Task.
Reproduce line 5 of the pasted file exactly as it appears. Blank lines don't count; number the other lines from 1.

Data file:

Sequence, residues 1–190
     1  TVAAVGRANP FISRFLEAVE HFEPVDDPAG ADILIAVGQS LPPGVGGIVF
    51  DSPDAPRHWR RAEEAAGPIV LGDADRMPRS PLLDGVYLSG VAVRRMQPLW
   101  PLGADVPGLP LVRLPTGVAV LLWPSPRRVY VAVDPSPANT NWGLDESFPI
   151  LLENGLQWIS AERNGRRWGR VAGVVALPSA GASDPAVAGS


   151  LLENGLQWIS AERNGRRWGR VAGVVALPSA GASDPAVAGS